It took President Obama five days to speak out critically about the brutal suppression in Iran. He said he didn’t want to be “seen as meddling.” Law enforcement officials around the country are no doubt wishing today that the president had shown the same courtesy to the Cambridge Police Department.
Strictly on the basis of factual accuracy, I think Obama was correct in saying that the cops there “acted stupidly” when they arrested prominent Harvard scholar Henry Louis Gates Jr.
But after examining the incident through the prism of a personal incident from three decades ago, I’ve concluded that there’s no shortage of stupidity here. Other people who acted stupidly include Mr. Gates… and Mr. Obama.
Is it understandable that Professor Gates, who is black, would be offended that a white police officer was investigating him for breaking and entering at his own home? Of course. But the idea that this was simply “racial profiling” doesn’t bear scrutiny.
Pretend for a moment that Gates is white. Now read this uncontested account (with emphasis added) of how the incident began:
This much is known for sure: The 58-year-old professor had returned from a trip to China last Thursday and found the front door of his home jammed shut. Gates entered the back door, forced open the front door with help from a car service driver, and was on the phone with the Harvard leasing company when a white police sergeant arrived.
Obviously, somebody had called in a report of what appeared to be suspicious behavior. Whether the professor is black, white or green, that’s more than enough reason for the police to show up asking questions. This isn’t a “driving while black” incident, where a cop pulls over a black man just because he’s driving a nice car.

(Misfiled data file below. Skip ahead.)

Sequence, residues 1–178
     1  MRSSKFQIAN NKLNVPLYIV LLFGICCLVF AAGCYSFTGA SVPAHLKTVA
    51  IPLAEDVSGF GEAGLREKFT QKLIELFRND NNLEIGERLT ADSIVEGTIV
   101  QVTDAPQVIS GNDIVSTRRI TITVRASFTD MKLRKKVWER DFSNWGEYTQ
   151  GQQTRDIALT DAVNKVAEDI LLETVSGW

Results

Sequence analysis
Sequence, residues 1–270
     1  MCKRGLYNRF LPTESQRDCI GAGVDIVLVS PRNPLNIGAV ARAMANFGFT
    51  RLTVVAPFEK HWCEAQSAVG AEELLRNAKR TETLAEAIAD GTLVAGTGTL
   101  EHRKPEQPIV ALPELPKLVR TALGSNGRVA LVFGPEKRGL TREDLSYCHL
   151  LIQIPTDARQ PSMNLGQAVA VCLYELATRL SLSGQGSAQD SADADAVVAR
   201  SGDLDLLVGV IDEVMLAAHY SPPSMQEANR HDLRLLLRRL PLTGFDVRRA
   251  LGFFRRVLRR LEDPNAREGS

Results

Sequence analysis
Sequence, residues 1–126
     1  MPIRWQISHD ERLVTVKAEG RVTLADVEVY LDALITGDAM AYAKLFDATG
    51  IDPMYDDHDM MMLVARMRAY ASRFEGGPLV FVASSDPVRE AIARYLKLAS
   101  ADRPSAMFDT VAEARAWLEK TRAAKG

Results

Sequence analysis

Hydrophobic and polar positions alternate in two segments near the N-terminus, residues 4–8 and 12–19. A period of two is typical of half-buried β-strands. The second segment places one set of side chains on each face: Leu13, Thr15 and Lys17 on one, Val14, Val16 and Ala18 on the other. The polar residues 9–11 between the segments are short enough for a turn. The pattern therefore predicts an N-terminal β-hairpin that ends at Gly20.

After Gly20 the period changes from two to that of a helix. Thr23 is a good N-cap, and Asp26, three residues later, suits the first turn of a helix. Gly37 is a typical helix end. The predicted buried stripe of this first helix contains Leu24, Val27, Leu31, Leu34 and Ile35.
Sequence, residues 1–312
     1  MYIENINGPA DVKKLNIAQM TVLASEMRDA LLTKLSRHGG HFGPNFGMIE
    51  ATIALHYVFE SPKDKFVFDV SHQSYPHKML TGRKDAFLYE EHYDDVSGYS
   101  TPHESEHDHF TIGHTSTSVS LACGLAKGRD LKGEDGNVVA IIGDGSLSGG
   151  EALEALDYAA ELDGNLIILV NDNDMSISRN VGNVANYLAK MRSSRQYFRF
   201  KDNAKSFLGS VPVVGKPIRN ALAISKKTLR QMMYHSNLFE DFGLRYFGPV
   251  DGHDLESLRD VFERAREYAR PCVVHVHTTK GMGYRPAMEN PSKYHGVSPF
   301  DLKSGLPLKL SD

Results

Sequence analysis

Gates on some level should have realized that the cop was there to protect the property rights of the homeowner… not knowing that the homeowner was Gates. Thus far, at the time the cop knocks on the door, nothing stupid or racist has occurred.
Let’s pause for a flashback: Thirty years ago, when I was an undergraduate, I was looking out my window early one evening when I saw a man walk by a university-owned apartment across the street — an apartment that I knew was the residence of a female assistant dean. The man paused at a window for a moment, reached up and appeared to rattle it briefly, then walked around the corner of the building and out of sight.
After a brief internal debate about whether I was overreacting, I called the campus security office and said it looked like someone had just “tried the window” at Dean So-and-So’s apartment. Security proctors were dispatched, and as they later explained to me, they determined the man in question was a friend of the assistant dean, arriving for dinner. When he saw her while walking past her window, the guest tapped on it by way of greeting.
You may have guessed by now that the dinner guest was black and the assistant dean was white. I know in my heart that I’m not a racist, but forever after I’ve been haunted by the question of whether I would have made the same phone call if the man had been white.
I don’t know the answer to that question, but it’s irrelevant to the issue at hand. My point is that in both cases, the public safety officials were acting entirely properly when they responded to the scene.
So why do I agree with Obama that the cops “acted stupidly”? Let’s let an ex-cop explain: